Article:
Conservation interventions developed with little understanding of social system dynamics can result in simplistic and misguided approaches. More effective conservation, that seeks to influence the social drivers of ecological change, requires a more nuanced and predictive understanding of these drivers. In this paper we explore how ABMs and SNAs, separately and in tandem, could be useful for understanding the dynamics of structured information flow and examine the potential benefits of promoting a cross-over between the ecological and social sciences in conservation.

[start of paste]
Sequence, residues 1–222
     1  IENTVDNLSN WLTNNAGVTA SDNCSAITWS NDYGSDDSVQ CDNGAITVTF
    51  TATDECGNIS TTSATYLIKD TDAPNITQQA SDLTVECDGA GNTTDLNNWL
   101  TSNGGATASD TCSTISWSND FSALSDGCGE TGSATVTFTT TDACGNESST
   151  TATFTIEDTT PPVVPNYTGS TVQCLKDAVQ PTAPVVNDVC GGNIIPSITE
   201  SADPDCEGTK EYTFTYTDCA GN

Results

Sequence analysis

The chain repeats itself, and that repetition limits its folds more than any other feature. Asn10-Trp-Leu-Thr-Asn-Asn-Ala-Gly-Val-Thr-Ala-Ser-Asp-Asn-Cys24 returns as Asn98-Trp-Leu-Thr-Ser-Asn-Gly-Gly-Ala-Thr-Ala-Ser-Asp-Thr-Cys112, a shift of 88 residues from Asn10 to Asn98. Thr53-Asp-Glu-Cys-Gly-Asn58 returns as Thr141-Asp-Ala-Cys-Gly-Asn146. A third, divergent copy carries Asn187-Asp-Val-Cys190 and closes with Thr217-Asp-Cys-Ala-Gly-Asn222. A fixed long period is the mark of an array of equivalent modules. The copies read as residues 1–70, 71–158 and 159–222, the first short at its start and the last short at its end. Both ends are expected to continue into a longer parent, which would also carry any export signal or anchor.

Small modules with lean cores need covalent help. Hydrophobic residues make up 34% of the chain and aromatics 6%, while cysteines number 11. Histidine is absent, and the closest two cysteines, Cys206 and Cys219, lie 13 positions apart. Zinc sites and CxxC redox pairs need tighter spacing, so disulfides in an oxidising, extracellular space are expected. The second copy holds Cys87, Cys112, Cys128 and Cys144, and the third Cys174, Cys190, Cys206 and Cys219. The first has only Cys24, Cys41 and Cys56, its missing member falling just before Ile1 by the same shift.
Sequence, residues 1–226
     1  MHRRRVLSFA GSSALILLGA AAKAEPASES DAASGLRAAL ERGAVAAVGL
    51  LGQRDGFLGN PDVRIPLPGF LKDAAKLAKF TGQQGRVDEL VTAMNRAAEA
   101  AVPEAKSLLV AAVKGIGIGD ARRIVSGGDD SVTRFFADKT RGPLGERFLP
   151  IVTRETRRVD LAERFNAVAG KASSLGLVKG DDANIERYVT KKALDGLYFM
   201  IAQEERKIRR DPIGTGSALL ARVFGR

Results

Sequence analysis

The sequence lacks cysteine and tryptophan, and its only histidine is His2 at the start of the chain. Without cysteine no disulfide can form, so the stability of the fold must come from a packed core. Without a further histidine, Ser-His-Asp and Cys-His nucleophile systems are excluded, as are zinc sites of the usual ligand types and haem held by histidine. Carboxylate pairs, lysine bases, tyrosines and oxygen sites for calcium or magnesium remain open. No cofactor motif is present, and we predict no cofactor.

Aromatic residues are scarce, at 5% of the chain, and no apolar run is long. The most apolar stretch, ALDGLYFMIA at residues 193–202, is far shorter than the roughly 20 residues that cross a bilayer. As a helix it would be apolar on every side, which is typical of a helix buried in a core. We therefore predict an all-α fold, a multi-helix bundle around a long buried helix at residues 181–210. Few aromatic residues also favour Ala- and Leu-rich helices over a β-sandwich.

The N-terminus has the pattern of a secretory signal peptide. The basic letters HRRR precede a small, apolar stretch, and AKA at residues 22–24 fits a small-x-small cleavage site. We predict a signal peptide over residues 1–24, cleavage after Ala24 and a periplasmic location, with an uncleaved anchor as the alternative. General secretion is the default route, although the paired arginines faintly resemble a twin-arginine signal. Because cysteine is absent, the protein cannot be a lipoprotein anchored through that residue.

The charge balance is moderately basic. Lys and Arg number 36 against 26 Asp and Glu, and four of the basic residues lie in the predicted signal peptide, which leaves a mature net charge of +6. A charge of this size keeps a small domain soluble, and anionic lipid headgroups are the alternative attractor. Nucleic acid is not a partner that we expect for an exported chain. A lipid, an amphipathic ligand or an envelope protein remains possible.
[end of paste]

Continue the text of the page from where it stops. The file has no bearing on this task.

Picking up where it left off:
Effective management of local bushmeat systems requires understanding of their social and economic dynamics, yet social elements such as relationships between actors are often overlooked. We provide the first detailed description of a rural hunting system in Liberia.
Hunting is one of the most serious threats to biodiversity globally. While the nature and impacts of hunting have been widely studied, many of the findings have remained disconnected. We review what is known about the conservation-relevant outcomes of different hunting approaches and highlight gaps in current understanding.